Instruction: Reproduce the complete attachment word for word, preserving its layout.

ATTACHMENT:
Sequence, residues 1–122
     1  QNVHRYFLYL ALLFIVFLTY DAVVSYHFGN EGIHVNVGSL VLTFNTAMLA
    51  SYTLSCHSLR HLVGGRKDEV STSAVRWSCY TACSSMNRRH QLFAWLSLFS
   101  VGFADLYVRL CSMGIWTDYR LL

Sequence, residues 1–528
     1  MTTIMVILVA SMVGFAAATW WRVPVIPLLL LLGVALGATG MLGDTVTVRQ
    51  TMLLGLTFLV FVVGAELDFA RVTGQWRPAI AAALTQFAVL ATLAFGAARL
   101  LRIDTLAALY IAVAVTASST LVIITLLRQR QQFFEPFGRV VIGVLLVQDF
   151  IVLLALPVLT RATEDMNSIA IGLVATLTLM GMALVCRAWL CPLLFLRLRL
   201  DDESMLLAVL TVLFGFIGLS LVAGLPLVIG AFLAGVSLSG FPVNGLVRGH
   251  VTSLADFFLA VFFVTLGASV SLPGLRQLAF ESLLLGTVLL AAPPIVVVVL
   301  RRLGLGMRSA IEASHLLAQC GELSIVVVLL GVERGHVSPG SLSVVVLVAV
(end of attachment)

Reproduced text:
Sequence, residues 1–122
     1  QNVHRYFLYL ALLFIVFLTY DAVVSYHFGN EGIHVNVGSL VLTFNTAMLA
    51  SYTLSCHSLR HLVGGRKDEV STSAVRWSCY TACSSMNRRH QLFAWLSLFS
   101  VGFADLYVRL CSMGIWTDYR LL

Sequence, residues 1–528
     1  MTTIMVILVA SMVGFAAATW WRVPVIPLLL LLGVALGATG MLGDTVTVRQ
    51  TMLLGLTFLV FVVGAELDFA RVTGQWRPAI AAALTQFAVL ATLAFGAARL
   101  LRIDTLAALY IAVAVTASST LVIITLLRQR QQFFEPFGRV VIGVLLVQDF
   151  IVLLALPVLT RATEDMNSIA IGLVATLTLM GMALVCRAWL CPLLFLRLRL
   201  DDESMLLAVL TVLFGFIGLS LVAGLPLVIG AFLAGVSLSG FPVNGLVRGH
   251  VTSLADFFLA VFFVTLGASV SLPGLRQLAF ESLLLGTVLL AAPPIVVVVL
   301  RRLGLGMRSA IEASHLLAQC GELSIVVVLL GVERGHVSPG SLSVVVLVAV